AURALiC Taurus MKII headphone amplifier review


Twin peaks. AURALiC’s Taurus MKII (US$1899) is a balanced headphone amplifier that also doubles as a pre-amplifier; the latter isn’t the main game of this unit and neither is it the focus of this review.

I’ve spent the last four or five months with AURALiC’s statement headphone amplifier paired with their statement ‘Digital Audio Processor’, the Vega (reviewed here, here and here).

Switch twitch. The Taurus MKII sports switchable singled-ended (1/4 inch) and balanced (XLR) headphone connectivity on the front. Out back there are switchable single-ended (RCA) and balanced (XLR) inputs.

I don’t normally spill on box dimensions but I here I have good reason to: the Taurus MKII measures 33 cm x 23 cm x 6.5 cm and it squeaks into an IKEA Expedit shelf just so; as does the matching Vega DAC. Be careful though – AURALiC’s brushed aluminium casework is easily scratched.


The Taurus MKII runs with ORFEO Class A output modules – the same as found in the Vega’s output stage. Perhaps this is why the Taurus MKII channels the Vega’s core qualities of deep space illumination and high ‘megapixel’ definition. Their combined resolution is something to behold. Two words: brilliant and beautiful. Going balanced between the two solicited deeper resolve than single-ended (STD) connnectivity.

You often hear less-clued up listeners refer to electronic music as ‘doof doof’. The implied prejudice is that it doesn’t offer as much timbre or tone as other genres. However, it can tell you a great deal about dynamics, soundstage/headstage dimensions and bass control. It’s on Autechre’s debut Incunabula that the Taurus’ iron fisted lock on lower frequency action is immediately obvious, even through headphones as humble as V-Moda’s more portable-focussed Crossfade M-100. Bass notes aren’t huge but they are impeccably well-steered. One without the other is aural mash potato – no sign of that here.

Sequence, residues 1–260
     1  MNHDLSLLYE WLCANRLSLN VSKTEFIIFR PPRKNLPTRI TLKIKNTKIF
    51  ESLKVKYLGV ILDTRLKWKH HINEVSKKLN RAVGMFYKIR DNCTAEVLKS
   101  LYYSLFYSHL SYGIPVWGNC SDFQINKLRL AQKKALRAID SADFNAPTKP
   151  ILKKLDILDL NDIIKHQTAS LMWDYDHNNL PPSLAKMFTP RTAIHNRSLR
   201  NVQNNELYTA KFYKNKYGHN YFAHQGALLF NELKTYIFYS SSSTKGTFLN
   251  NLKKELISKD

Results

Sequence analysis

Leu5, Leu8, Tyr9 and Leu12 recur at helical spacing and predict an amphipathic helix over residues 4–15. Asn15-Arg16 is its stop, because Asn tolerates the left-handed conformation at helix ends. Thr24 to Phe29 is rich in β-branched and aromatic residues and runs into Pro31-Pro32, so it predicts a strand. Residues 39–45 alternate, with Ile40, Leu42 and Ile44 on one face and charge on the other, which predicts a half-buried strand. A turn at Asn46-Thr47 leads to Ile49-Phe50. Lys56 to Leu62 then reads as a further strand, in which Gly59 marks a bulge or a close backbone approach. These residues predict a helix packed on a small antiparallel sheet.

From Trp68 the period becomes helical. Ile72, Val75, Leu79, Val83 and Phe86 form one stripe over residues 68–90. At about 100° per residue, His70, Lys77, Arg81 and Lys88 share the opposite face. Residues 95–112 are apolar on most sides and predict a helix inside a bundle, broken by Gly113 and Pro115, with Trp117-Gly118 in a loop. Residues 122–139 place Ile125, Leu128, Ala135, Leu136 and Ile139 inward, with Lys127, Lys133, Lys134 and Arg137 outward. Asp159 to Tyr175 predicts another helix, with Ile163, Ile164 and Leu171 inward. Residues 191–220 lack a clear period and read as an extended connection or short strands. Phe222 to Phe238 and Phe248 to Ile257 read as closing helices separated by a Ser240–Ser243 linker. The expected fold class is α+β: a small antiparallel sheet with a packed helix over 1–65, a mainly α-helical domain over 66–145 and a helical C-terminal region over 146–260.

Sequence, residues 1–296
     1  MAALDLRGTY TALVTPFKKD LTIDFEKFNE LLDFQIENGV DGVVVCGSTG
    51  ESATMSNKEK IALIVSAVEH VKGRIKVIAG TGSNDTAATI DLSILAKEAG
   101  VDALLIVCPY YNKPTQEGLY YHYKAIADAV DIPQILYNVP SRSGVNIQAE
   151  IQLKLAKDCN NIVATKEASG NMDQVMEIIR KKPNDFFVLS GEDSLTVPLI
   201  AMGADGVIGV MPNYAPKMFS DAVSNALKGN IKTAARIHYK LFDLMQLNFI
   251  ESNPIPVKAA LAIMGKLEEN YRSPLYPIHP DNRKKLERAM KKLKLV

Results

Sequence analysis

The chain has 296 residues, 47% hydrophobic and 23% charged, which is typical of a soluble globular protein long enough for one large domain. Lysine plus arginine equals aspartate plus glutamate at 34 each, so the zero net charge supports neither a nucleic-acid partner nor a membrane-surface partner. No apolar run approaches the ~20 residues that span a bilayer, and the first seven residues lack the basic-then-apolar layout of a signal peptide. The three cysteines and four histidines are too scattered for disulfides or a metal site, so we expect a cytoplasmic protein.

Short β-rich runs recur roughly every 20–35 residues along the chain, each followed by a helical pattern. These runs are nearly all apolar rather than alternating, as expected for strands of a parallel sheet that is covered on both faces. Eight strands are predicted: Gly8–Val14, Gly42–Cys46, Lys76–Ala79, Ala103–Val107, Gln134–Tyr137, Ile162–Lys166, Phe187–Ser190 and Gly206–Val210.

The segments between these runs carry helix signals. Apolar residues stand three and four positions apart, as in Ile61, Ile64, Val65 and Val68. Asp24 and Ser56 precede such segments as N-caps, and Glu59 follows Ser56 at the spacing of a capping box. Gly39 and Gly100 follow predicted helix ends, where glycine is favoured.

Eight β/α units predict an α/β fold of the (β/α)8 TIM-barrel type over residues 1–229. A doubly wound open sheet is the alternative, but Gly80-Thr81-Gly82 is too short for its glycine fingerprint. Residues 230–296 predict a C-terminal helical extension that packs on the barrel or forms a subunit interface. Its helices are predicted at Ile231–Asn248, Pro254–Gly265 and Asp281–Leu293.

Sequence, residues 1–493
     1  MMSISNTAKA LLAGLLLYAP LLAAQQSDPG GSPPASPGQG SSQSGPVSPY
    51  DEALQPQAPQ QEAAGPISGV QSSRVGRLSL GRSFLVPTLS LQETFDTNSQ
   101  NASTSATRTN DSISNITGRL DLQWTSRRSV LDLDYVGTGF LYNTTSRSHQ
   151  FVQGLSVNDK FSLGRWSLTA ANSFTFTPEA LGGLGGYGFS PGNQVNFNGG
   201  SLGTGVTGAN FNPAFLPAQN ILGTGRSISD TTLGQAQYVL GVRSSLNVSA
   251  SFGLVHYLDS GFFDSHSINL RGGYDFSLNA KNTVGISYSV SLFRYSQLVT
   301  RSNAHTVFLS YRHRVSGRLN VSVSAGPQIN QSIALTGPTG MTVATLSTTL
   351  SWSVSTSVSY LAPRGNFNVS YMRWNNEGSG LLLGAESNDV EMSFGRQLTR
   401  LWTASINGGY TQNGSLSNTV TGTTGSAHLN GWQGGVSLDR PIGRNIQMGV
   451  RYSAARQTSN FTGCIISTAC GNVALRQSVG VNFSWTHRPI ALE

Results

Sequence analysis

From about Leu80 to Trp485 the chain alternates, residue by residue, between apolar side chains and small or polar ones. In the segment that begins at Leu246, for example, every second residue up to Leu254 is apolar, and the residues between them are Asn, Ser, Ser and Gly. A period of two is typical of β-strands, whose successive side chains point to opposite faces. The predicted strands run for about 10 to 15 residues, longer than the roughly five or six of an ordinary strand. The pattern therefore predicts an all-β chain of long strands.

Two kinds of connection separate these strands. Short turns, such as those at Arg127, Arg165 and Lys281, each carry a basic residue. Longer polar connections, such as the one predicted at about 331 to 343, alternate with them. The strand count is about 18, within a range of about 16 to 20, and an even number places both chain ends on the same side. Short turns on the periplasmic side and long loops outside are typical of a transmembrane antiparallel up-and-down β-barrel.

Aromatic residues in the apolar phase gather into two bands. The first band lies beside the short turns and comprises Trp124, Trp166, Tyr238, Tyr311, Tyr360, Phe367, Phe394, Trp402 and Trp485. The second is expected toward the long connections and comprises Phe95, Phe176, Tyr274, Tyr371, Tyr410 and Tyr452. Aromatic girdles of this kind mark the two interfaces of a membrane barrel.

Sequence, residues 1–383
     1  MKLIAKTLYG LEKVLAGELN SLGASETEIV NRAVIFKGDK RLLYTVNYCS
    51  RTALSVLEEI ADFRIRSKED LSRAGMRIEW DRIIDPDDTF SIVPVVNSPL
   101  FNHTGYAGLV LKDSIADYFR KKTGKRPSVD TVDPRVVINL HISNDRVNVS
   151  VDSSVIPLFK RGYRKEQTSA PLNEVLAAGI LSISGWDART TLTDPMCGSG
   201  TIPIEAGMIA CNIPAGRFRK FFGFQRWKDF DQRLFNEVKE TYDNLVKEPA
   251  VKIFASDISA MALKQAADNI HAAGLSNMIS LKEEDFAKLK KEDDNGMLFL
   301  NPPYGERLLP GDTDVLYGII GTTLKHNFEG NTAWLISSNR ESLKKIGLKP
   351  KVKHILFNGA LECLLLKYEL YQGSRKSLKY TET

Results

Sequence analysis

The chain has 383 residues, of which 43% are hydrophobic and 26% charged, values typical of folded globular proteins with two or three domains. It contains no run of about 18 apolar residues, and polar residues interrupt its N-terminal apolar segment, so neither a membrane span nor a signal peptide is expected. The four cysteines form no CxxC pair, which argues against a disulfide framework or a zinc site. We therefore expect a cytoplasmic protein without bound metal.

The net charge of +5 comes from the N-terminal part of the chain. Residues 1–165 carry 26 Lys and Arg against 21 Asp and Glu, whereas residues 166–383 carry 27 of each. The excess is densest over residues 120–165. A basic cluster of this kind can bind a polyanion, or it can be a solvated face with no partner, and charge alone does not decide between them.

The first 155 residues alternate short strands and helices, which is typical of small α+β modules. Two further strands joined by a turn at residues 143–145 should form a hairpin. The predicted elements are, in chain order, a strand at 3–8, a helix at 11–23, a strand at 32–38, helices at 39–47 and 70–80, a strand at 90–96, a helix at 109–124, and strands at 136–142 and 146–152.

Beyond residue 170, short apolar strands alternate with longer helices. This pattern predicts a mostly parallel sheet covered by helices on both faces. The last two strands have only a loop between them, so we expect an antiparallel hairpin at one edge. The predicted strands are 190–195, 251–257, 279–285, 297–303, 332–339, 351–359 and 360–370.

Stepping up to Mr Speakers Alpha Dogs (US$600) for a run through the same album revealed the Taurus’ clean communication of dynamics, BIG and small – rhythms stop-start on a dime. The Taurus is meticulous in its delivery of cymbal shimmers and guitar plucks, all without the emotional distance some folk mistakenly attribute to solid state designs. Greater accuracy ==> greater emotional communication.


As you’d expect from an amplifier that costs close to two grand there’s plenty of power on tap. The Taurus MKII will leave you wanting for nothing with pretty much any headphone:

STD mode | BAL Mode

  • 32ohm 4500mW | 1200mW
  • 120ohm 1200mW | 4500mW
  • 300ohm 500mW | 2000mW
  • 600ohm 250mW | 1000mW

Four and half watts into 32 Ohms single-ended is positively bullish. A portable-friendly headphone like the NAD Viso HP-50 sounds great with portable devices. The AURALiC lifts that experience descriptor to stunning.

This silver machine pushes a full watt of go juice into a 600 Ohm balanced load, half that into the 300 Ohm Sennheiser HD800 (US$1500). Power like that means better control. And better control takes the listener closer to aural satisfaction. Power also translates to SPEED. I noted a quicksilvery, amphetamine-charged re-imagining of music with both Mr Speakers Alpha Dogs as well as the aforementioned Sennheiser.


Let us dispense with the contradictory notion of black/er backgrounds. When driving the Alpha Dogs the AURALiC’s over-arching trait is one of colourful ILLUMINATION. The MKII Taurus brings sounds from further away by shining light into music’s more distant corners. That’s something that budget amplifiers miss and the main reason why it’s streets ahead of the Schiit Asgard 2 (US$250). The AURALiC operates in another league entirely, both pricewise and in terms of performance. Going back to the Asgard 2 after an extended session with the Taurus, the Schiit lacked the AURALiC’s definitive conviction and poise. Sennheiser’s HD800 exposed the Schiit amplifier to be more congealed and flatter than the Taurus MKII. Flipping that around, the latter better separates musical layers, stretching the illusion of depth.